When you’ve been writing for long enough, or once you’ve read enough how-to books for writers, you start to notice just how similar all the “different” advice you’re getting sounds. In Damn Fine Story: Mastering the Tools of a Powerful Narrative, veteran writer Chuck Wendig has crafted an irreverent guide to the one thing every writer should be striving for: how to tell good stories.
Han Kang, Min Jin Lee, and Crystal Hana Kim have given us their own unique glimpses into the Korean peninsula’s history and present, but few novels of South Korea have gone to so dark a place as Ancco‘s semi-autobiographical work, Bad Friends. This brief, striking vision of South Korea’s early Sixth Republic presents a side of the country rarely seen in the West, one driven by alcohol, drugs, and prostitution.Continue reading
I was in my senior year of college before I learned to spot the widespread vilification of vulvas and vaginas. In reading Swedish artist Liv Strömquist‘s graphic novel, Fruit of Knowledge: The Vulva vs. The Patriarchy, I relived every emotion and thought I had at the moment of realization. For feminists looking to renew and refocus their fury, it’s hard to beat Fruit of Knowledge as light reading. Continue reading
In their new graphic memoir about her life growing up in Iraq, Brigitte Findakly and her husband Lewis Trondheim shed light on the interior lives of middle-class Iraqis under Saddam Hussein’s rule in the mid-20th century. Poppies of Iraq does for 1970s Iraq what Persepolis did for 1970s Iran, putting a human face to stories tainted in the West by orientalism. And eventually, like Persepolis author Marjane Satrapi, Findakly moves to France to escape the political upheaval of her home country. Continue reading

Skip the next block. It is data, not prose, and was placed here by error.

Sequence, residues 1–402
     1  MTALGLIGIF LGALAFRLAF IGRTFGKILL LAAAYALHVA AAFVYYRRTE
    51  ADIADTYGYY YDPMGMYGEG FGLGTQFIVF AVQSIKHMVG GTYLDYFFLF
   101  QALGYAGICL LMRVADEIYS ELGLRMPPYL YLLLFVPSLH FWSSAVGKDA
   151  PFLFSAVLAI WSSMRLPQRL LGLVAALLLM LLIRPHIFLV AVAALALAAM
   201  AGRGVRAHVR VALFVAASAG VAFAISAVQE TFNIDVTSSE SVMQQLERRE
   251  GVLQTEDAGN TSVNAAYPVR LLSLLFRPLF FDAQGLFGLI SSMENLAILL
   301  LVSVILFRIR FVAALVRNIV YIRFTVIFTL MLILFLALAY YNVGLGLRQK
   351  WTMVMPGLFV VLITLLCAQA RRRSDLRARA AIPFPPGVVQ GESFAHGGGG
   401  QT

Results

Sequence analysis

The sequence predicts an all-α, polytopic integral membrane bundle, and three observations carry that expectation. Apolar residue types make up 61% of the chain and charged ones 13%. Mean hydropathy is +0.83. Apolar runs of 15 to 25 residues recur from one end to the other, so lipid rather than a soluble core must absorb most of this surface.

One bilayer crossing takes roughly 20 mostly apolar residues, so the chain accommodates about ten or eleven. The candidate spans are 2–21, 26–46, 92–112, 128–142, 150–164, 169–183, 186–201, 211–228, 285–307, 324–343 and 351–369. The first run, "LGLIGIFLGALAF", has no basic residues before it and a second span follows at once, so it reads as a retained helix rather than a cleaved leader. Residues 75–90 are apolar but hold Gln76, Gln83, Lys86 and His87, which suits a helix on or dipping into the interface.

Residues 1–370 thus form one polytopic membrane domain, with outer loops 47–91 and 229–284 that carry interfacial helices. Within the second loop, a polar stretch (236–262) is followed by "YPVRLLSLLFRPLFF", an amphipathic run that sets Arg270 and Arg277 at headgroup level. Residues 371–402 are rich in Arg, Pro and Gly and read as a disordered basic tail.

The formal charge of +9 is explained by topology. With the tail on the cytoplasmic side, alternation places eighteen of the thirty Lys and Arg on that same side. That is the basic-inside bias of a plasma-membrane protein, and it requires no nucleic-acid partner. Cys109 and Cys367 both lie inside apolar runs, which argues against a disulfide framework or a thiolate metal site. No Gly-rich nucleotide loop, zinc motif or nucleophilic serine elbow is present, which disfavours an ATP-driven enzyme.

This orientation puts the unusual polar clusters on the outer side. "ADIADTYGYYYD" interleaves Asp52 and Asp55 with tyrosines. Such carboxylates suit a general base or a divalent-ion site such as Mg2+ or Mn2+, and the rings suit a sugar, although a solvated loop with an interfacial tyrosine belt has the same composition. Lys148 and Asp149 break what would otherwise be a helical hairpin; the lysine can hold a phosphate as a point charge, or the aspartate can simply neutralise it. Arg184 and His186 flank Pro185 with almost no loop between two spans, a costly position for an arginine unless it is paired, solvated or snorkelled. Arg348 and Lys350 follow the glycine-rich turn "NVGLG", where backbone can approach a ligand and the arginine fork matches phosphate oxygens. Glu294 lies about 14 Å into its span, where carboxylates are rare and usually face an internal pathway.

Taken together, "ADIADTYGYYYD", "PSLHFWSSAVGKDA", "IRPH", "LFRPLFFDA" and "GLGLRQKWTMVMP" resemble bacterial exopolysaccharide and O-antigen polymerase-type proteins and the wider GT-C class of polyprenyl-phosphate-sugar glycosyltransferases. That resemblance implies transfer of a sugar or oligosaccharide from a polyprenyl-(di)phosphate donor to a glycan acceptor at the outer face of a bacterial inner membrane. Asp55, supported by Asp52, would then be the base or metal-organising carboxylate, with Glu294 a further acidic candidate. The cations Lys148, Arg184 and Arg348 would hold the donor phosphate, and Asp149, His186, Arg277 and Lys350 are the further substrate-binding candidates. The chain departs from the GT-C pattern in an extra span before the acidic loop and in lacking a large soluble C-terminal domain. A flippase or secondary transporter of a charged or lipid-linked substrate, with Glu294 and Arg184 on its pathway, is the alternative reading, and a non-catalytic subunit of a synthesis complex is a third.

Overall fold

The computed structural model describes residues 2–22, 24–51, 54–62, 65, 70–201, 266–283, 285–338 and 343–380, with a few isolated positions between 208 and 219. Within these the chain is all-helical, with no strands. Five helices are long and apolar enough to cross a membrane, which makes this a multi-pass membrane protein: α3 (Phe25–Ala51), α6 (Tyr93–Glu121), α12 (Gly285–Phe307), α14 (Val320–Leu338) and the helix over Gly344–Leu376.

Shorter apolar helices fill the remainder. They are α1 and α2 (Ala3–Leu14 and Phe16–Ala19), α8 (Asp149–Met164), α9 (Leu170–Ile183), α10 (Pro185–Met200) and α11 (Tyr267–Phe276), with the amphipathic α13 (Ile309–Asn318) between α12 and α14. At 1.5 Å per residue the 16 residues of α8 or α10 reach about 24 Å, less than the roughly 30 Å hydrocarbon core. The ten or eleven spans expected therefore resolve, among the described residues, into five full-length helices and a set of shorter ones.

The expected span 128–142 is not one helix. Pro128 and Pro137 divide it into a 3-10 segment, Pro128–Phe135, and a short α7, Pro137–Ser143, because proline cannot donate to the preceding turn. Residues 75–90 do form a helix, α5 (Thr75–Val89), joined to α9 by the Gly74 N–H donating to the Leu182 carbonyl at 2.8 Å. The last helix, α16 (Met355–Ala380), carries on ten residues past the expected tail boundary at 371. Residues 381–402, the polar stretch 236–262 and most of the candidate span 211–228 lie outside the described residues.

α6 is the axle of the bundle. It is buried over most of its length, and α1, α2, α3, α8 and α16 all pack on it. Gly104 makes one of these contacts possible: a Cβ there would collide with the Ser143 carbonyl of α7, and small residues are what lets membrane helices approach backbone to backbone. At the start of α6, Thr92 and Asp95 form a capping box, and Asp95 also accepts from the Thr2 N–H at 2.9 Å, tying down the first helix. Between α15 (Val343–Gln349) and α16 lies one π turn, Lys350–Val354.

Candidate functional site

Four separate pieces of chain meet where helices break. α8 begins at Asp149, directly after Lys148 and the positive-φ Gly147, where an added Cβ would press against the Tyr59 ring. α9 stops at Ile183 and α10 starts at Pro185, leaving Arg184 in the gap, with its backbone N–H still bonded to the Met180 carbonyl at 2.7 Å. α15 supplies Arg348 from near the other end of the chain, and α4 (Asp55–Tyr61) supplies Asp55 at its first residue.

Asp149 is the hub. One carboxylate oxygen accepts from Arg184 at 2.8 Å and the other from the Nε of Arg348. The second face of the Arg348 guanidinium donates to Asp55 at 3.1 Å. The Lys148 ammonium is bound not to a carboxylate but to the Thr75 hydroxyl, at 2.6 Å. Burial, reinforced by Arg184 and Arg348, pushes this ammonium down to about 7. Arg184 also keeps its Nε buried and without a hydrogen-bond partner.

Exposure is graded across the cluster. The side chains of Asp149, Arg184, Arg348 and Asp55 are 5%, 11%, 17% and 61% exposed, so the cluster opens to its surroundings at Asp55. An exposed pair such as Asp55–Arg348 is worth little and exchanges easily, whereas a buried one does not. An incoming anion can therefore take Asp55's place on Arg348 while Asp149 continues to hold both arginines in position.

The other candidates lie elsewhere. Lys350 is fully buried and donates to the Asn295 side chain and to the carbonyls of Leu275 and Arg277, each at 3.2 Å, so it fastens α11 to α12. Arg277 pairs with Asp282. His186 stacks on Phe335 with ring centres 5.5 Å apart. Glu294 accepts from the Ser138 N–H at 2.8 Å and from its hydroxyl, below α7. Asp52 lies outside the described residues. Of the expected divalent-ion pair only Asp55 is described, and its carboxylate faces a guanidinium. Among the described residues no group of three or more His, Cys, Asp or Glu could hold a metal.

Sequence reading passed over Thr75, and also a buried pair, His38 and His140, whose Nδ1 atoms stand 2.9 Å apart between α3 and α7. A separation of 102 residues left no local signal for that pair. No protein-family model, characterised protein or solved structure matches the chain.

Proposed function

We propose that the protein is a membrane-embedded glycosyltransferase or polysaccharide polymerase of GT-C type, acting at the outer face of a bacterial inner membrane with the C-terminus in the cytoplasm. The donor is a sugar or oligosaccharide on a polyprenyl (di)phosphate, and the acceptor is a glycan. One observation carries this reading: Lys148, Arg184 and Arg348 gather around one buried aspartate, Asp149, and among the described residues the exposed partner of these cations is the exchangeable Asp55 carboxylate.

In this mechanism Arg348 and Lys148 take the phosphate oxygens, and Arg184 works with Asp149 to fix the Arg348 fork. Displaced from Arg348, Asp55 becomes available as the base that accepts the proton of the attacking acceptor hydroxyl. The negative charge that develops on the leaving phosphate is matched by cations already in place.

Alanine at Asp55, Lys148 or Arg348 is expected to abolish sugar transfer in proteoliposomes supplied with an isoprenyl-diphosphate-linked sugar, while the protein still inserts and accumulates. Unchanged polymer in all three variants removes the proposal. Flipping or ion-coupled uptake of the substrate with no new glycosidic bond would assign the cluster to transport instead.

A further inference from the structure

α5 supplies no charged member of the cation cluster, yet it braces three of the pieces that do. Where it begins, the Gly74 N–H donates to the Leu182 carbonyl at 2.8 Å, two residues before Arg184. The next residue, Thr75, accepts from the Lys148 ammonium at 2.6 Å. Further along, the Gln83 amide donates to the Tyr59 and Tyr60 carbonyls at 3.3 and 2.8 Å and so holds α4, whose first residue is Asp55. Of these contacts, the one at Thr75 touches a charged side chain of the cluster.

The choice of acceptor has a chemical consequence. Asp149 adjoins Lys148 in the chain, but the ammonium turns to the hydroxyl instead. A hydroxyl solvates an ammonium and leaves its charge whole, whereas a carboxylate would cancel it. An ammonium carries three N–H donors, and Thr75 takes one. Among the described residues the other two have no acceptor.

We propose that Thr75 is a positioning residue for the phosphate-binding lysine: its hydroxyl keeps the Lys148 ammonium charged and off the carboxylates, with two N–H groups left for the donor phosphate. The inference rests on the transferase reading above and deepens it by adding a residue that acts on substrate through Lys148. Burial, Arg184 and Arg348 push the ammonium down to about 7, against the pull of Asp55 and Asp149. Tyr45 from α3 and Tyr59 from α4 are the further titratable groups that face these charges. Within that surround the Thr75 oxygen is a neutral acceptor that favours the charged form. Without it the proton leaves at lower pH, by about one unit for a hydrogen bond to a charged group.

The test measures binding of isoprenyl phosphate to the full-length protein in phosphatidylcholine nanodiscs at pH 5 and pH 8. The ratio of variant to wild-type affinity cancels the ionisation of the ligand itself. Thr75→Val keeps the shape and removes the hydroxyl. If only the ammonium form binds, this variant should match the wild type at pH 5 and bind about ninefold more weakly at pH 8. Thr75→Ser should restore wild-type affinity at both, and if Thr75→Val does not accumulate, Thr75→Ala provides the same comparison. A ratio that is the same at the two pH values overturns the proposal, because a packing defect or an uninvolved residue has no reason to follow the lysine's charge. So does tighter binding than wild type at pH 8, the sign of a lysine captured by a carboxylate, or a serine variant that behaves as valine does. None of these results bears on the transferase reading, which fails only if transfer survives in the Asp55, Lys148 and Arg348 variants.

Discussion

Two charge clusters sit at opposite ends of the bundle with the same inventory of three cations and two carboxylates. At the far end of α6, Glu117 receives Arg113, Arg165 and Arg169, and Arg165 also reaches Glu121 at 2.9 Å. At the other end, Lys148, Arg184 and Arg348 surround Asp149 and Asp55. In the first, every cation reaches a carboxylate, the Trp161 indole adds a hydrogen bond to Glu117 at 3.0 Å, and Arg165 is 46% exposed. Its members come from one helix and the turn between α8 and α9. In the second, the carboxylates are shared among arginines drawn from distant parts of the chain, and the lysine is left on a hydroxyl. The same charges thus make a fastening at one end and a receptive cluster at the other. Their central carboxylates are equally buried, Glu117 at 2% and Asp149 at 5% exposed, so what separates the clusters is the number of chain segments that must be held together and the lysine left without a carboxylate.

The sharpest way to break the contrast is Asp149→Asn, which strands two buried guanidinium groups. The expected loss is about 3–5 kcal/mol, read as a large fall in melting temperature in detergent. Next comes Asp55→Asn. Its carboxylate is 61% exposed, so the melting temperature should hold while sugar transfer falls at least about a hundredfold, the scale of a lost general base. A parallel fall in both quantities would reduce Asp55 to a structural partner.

There are plenty of great puberty books out there for young people with vaginas. Helloflo: The Guide, Period.: The Everything Puberty Book for the Modern Girl is not one of them. Written by HelloFlo founder Naama Bloom and stamped with her company branding, The Guide, Period promises to be a fantastic addition to a pre-teen’s arsenal of body-awareness books, but it simply doesn’t deliver. Continue reading